Maritime law is known for some fairly unique and arcane legal concepts not commonly seen in other areas of law. Some of these have their origins in an earlier age of seafaring when vessels powered by sail carried cargoes in wooden barrels. One of these concepts is the law of salvage.
The law of salvage on the high seas is based on the philosophy that one who comes to the rescue of another in the face of a maritime peril is entitled to a reward. Through the ages, this reward has come to be understood as a percentage of the vessel and cargo saved. The idea was that running to the assistance of a stricken vessel put your own vessel and crew at risk. Therefore, some sort of incentive was needed above and beyond goodwill.
The law of maritime salvage was applied in the aftermath of a 22-foot boat being torn from its berth when Hurricane Matthew made landfall in the Savannah, Georgia area several years ago. The hurricane destroyed the dock and its boatlift, causing the boat to be deposited four houses away from its original location on the Wilmington River.
The boat sat partially grounded and surrounded by hurricane debris. Unfortunately, the owners had been forced to evacuate their homes earlier. A company specializing in marine construction, towing, and salvage came to the area afterward and found the boat.
Before continuing on with the fate of the boat, it could be worth pointing out that marine salvage is something distinct from marine towing. The distinction is important because if both sides are not on the same page as to how the job is treated, the misunderstanding could result in a dispute.
A basic tow might be charged hourly, such as the case of a boat running out of fuel on a glass calm day and being towed a short distance to the local fuel dock. But when a major peril looms on the horizon that jeopardizes a vessel, that’s when the nature of the job can change from a tow at an hourly rate to a salvage claim as a percentage of the vessel.
Maritime law uses three elements to determine whether the rescuer is entitled to a salvage award. The situation must involve (1) a marine peril, (2) voluntary act by the salvor, and (3) the rescuer’s (maritime law actually uses the term salvor) efforts must be successful in saving the vessel and its occupants. Modern maritime law has expanded this to include additional elements, such as harm averted to the environment, such as oil spills avoided.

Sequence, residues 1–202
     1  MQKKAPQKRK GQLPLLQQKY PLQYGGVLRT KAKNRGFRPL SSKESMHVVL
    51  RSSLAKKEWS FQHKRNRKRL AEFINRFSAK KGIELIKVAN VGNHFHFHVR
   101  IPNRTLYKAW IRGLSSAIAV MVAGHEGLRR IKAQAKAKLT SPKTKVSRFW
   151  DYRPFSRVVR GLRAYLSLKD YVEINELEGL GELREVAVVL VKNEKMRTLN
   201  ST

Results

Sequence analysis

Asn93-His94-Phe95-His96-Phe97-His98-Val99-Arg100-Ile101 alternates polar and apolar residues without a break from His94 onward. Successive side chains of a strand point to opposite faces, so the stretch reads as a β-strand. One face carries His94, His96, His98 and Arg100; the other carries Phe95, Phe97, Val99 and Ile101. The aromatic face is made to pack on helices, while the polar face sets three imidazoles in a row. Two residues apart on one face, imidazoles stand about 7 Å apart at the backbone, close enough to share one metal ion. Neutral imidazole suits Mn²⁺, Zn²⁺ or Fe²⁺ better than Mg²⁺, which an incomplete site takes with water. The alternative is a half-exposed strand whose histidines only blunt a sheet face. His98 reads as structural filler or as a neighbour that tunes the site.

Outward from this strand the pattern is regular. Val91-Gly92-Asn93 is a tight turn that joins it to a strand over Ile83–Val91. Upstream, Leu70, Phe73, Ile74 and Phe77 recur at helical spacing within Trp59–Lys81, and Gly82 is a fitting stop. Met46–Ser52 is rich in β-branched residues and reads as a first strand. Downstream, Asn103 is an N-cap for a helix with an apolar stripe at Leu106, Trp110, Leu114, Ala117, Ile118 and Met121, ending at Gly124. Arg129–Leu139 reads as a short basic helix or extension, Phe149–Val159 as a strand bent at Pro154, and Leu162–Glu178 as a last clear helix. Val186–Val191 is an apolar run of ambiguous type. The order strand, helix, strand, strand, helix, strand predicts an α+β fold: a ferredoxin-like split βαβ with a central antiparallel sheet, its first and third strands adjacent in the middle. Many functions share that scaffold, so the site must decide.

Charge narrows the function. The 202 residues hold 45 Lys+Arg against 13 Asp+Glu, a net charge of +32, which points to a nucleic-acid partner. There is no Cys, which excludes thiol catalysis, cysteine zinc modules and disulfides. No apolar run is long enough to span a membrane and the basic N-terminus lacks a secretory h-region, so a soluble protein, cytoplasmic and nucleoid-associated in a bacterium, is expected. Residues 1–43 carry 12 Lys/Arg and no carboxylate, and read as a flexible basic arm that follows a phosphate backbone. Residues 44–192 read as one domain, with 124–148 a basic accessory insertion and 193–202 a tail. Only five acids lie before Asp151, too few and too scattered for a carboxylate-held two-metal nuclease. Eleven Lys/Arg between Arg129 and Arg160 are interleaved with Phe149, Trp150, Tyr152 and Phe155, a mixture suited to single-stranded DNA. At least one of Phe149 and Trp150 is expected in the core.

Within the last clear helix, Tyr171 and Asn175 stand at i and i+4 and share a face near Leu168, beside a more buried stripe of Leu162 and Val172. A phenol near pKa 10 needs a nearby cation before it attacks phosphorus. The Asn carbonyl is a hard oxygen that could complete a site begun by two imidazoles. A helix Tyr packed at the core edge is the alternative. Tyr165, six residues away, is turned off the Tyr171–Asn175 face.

In the case at hand, the salvage company asked the owner of the property if the boat was theirs. After learning the boat was not theirs and obtaining permission to come onto the property, the company proceeded with salvage operations that involved a 130-foot barge, 35-ton crane, push boat, work skiff, trailer, tackle, slings, and other gear.
The salvage company presented the boat owner with an invoice for $7,144 for its services, specifying charges that included $6,000 for salvage; $500 for two hours of boat towing, $300 for trailer transport, $180 for five days of storage; $14 for hoisting at the marina, and $150 in administrative fees. The court noted that the range of salvage awards as a percentage of the salved property’s value ranged from 4% to 25%, where the company’s award request of $7,144 represented 22% of the court’s $32,500 valuation of the vessel, which was within a recognized range.
The vessel owner argued that the boat was not in peril and sat in place for ten days without incurring further discernable damage. The court determined that the vessel did face peril and applied maritime case law to compute the salvage award, taking into consideration the labor expended by the salvors, their promptitude, skill and energy, value of property employed by the salvors, value of the property saved, and several other factors.
In terms of the imagery that maritime salvage can evoke, one could think of a massive ocean-going tug off the Cape of Good Hope towing a stricken freighter from harm’s way as effortlessly as a club launch tows a string of Optimist prams. However, salvage operations can take place in the most tranquil backwaters, far from mountainous seas and gale force winds often associated with the traditional notion of a marine peril.
Ref: JSM Marine LLC v. Gaughf, Civil Action No: 4:18-cv-151, United States District Court for the Southern District of Georgia, Savannah Division